The decline of U.S. semiconductor fabs is leaving the Department of Defense with limited onshore access to leading-edge foundry technology that can meet the nation’s long-term chip needs. Intel is stepping in to try to solve the problem.
Several research firms describe the electronics market environment as “stable” entering the all-important calendar Q4. Lead times, for example, have leveled out, according to LevaData and the ECIA, and demand shows no sign of abating. However, logistics experts continue to point to seemingly endless backups at international seaports and retailers are bracing for holiday shipping delays.
The chip industry is in a constant struggle in predicting demand and that means regular chip shortages every few years and a boom-and-bust market that continues despite access to massive amounts of economic data.
The U.S. Congress and the Biden Administration are hurtling down the track toward investing billions of dollars in the domestic semiconductor manufacturing industry. But there is a flaw in their approach because they are ignoring the broader manufacturing infrastructure that is needed to combine semiconductors with other parts to create reliable electronic systems.
WASHINGTON—Sept. 3, 2021—The Semiconductor Industry Association (SIA) today announced global semiconductor industry sales were $45.4 billion in the month of July 2021, an increase of 29.0% over the July 2020 total of $35.2 billion and 2.1% more than the June 2021 total of $44.5 billion. Monthly sales are compiled by the World Semiconductor Trade Statistics (WSTS) organization and represent a three-month moving average. SIA represents 98% of the U.S. semiconductor industry by revenue and nearly two-thirds of non-U.S. chip firms.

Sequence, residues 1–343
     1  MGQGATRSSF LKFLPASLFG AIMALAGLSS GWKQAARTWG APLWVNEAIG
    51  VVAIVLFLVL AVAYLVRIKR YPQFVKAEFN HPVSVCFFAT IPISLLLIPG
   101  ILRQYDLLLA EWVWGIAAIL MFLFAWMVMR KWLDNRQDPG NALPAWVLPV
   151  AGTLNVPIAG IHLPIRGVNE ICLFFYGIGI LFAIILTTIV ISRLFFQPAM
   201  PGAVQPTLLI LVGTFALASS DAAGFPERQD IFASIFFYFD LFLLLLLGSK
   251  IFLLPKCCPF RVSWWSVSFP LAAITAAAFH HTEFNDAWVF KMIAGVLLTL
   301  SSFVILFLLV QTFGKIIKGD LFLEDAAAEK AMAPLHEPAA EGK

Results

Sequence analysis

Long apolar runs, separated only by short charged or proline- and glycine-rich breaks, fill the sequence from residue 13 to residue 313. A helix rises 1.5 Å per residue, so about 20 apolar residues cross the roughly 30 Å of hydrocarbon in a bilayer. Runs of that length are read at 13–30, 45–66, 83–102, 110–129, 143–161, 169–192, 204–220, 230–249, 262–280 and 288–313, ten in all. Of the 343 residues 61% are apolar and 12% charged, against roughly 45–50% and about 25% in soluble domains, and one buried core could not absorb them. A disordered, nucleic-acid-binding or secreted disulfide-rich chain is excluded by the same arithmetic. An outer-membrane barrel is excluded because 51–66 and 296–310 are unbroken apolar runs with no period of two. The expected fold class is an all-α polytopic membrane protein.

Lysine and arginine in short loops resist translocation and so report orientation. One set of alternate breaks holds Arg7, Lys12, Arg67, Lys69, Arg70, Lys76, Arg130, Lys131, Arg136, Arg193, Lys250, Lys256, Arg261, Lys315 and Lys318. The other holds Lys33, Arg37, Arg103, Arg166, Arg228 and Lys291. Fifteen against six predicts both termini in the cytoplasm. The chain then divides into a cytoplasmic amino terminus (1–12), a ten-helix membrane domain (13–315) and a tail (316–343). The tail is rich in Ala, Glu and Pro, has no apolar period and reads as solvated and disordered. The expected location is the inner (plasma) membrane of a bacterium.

The global semiconductor shortage is expected to last until 2023 as the COVID-19 pandemic boosts demand for chips for automobiles and smart home devices, United Microelectronics Corp (UMC, 聯電) copresident Chien Shan-chieh (簡山傑) said yesterday.
Taiwan Semiconductor Manufacturing Co (TSMC, 台積電) is considering building an advanced IC packaging plant in the US following a massive investment to set up a wafer fab in Arizona, Nikkei Asia reported. TSMC was considering the plant in response to “Washington’s desire to bring more of the tech supply chain onto home turf,” the report said. TSMC increasingly faces the need to expand in the US, which accounts for about 62 percent of its total sales, Nikkei Asia said, citing three sources who declined to be named.
WASHINGTON: The Pentagon is seeking $2.3 billion to improve its ability to make specialized semiconductors for military use, as well as to fund next-generation chip innovation. Semiconductors, used in almost every advanced weapon, are especially critical to enabling a range of defense “disruptive technologies,” such as hypersonics, AI, and 5G — all of which receive significant funding in the proposed 2022 budget.
As organizations worldwide continue to grapple with a critical shortage of semiconductors plus myriad other supply chain disruptions, Arizona is positioning itself as a high-tech manufacturing hotbed. “Arizona has rapidly become an epicenter for electric vehicle and self-driving tech,” CNBC reports, “and it’s now the site of three big new semiconductor factories as the U.S. struggles to increase production during the global chip shortage.”
IC Insights released its May Update to the 2021 McClean Report last week. This Update included a discussion of the 1Q21 IC industry market results, an updated quarterly forecast for the remainder of this year, and a look at the top-25 1Q21 semiconductor suppliers. The top-15 1Q21 semiconductor suppliers are covered in this research bulletin.
At PCIM – this year in digital version – several companies are showing their latest innovations. The GaN power market doubled in 2020 according to Yole
Pervasive and persistent, the global semiconductor chip shortage is impacting auto manufacturers, computer makers, mobile phone producers and pretty much any other industry that relies on chips to make its end products.